Paxton stumbles in eighth: It was the longest outing of the season for Paxton, but he got himself in trouble late in the game. Paxton made it through five scoreless innings of four-hit ball before surrendering single runs in the sixth and seventh, but was still in good shape. Then in the eighth, he gave up two runs on three hits, an intentional walk, and a sacrifice fly.

Manager Scott Servais said he has been looking for Paxton to step up.

Paxton pitches into the 8th

"That was really the best outing he's had," Servais said. "We tried to ride him as long as we could. [The Tigers] got some big hits, and got the runs in from third, that was the difference in the game tonight." More >

Tape-measure go-ahead hit: Aviles started over Steven Moya in right field to give the Tigers a right-handed bat, not necessarily a power one, against the left-handed Paxton. The Mariners were willing to take their chances with Paxton against Aviles in the eighth, walking Upton to set up the matchup and provide a potential out at every base. Aviles' squibber, however, was hit slow enough to let him run by Lind while Romine bolted for home.

"Paxton, even with 110 pitches, was still throwing 100 mph," Ausmus said. "But Aviles had an excellent at-bat. It doesn't always have to be pretty, but we say it a lot in baseball: You have to find a way to get it done. And he did." More >

QUOTABLE
"Confidence I think is just an attitude. And all of these hitters in here know that one run, two runs, three runs can't hold us, because if we get a hold of some balls, we can change a game really quick. Everybody has confidence in here, and everybody has the right attitude at bat. Sometimes you just have to wait them out." -- Castellanos, on Tigers' confidence at plate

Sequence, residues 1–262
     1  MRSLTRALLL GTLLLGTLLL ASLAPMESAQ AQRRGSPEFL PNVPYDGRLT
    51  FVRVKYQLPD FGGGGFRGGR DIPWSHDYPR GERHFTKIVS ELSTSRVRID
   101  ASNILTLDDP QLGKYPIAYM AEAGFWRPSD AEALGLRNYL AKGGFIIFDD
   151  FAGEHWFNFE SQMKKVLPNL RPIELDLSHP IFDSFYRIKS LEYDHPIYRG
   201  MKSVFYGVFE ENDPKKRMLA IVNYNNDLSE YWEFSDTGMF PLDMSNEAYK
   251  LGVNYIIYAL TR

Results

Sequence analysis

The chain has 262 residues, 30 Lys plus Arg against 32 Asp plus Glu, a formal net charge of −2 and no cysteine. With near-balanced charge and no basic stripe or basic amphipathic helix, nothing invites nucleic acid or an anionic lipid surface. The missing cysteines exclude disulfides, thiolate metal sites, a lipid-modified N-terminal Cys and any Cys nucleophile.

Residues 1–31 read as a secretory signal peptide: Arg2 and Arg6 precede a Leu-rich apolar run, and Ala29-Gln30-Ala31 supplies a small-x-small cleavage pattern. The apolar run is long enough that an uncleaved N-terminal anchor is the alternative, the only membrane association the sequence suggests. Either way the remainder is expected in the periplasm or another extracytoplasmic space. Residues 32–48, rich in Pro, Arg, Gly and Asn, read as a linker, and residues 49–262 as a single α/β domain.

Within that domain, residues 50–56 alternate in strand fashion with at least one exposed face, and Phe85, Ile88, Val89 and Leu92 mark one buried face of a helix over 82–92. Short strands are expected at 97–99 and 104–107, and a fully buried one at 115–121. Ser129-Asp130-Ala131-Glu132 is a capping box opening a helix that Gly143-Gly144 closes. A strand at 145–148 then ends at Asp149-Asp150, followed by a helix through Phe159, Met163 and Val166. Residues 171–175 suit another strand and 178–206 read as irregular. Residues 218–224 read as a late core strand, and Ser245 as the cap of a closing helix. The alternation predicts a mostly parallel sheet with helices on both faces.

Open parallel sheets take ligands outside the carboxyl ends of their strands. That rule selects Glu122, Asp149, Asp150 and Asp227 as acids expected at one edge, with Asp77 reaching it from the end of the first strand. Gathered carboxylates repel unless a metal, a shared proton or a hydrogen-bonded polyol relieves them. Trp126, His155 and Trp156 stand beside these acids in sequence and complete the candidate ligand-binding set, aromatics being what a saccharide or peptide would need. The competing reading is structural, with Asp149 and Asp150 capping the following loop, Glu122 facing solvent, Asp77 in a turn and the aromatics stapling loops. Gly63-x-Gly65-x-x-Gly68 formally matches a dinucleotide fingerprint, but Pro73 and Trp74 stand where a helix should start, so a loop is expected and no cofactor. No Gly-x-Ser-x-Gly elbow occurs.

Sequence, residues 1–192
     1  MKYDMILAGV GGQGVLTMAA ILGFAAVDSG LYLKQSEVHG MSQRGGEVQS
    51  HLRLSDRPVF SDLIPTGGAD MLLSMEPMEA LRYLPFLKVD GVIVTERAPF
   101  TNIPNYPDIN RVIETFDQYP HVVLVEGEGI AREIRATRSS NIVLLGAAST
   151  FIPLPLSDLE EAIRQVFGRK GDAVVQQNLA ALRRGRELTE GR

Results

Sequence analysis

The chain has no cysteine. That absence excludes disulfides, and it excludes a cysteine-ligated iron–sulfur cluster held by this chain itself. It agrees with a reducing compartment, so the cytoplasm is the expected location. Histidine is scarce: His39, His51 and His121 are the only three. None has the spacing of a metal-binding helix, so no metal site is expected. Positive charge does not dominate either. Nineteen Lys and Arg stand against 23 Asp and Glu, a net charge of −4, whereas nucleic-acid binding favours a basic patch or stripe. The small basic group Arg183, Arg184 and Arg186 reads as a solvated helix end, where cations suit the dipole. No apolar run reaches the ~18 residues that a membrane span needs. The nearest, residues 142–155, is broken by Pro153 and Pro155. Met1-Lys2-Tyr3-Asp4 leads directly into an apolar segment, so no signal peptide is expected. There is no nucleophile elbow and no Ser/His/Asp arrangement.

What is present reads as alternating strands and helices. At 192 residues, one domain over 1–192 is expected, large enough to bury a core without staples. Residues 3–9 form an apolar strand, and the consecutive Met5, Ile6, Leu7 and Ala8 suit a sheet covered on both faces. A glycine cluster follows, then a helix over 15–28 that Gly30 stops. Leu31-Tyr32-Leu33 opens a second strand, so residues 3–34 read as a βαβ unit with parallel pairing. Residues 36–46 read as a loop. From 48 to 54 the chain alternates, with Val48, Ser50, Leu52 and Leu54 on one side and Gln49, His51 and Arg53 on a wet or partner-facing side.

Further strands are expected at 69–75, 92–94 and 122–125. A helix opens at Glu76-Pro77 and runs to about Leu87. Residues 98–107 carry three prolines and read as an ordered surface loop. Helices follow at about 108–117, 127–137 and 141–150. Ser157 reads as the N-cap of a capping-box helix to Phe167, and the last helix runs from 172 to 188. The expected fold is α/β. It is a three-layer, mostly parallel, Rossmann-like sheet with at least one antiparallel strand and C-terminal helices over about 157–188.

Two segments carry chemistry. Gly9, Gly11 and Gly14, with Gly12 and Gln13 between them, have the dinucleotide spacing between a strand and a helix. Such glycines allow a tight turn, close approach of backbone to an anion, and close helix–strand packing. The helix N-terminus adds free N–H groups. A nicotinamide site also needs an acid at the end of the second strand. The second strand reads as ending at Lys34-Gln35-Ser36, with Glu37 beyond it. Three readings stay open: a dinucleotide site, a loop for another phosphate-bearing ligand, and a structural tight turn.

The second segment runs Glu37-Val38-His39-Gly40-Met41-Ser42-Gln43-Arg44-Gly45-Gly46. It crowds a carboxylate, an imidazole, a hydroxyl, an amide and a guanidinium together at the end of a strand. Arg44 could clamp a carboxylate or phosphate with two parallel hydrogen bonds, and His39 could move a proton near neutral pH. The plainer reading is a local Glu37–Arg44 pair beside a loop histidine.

Castellanos' RBI single

"I feel like I threw the ball really well. Tough lineup. They found some holes there and I made a couple mistakes late that they capitalized on. It was unfortunate we didn't get the win today, but it was good. I was able to go deep, and give the bullpen guys some rest today." -- Paxton, on his longest start of the season

SOUND SMART WITH YOUR FRIENDS
Even with the loss, the Mariners are 20-9 on Tuesday, Wednesday and Thursday. They're 16-26 on the other four days.

WHAT'S NEXT
Mariners: Hisashi Iwakuma (6-5, 4.18) has won five of his past six starts and will be seeking his third straight win when he and the Mariners take on the Tigers on Wednesday at 4:10 p.m. PT. His last time out, Iwakuma allowed four runs over seven innings in a win over the Red Sox.

Tigers: Michael Fulmer's scoreless streak and winning streak are over, but he hopes to continue his stellar rookie season when he faces the Mariners on Wednesday at 7:10 p.m. ET. Fulmer (7-2, 2.43) tossed 5 2/3 innings of one-run ball last Friday at Kansas City, but suffered his first loss since May 5.

Watch every out-of-market regular-season game live on MLB.TV.

Jason Beck has covered the Tigers for MLB.com since 2002. Read Beck's Blog, follow him on Twitter @beckjason and listen to his podcast.

Kyle Beery is a reporter for MLB.com based in Detroit. He covered the Mariners on Tuesday.

This story was not subject to the approval of Major League Baseball or its clubs.